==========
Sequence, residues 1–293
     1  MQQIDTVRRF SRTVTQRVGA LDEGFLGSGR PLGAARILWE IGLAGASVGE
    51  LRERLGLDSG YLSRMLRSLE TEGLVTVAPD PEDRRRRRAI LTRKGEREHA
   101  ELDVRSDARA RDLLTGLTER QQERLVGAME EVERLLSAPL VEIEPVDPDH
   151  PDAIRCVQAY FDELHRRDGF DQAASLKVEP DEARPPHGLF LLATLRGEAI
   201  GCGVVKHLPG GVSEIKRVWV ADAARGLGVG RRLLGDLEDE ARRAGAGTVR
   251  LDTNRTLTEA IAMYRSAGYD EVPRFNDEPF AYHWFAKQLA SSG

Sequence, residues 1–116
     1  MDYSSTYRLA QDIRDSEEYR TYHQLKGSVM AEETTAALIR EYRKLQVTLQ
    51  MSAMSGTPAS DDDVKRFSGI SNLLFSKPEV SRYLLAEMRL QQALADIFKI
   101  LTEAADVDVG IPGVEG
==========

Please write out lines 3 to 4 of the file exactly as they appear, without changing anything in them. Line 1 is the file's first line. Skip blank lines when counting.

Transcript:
    51  LRERLGLDSG YLSRMLRSLE TEGLVTVAPD PEDRRRRRAI LTRKGEREHA
   101  ELDVRSDARA RDLLTGLTER QQERLVGAME EVERLLSAPL VEIEPVDPDH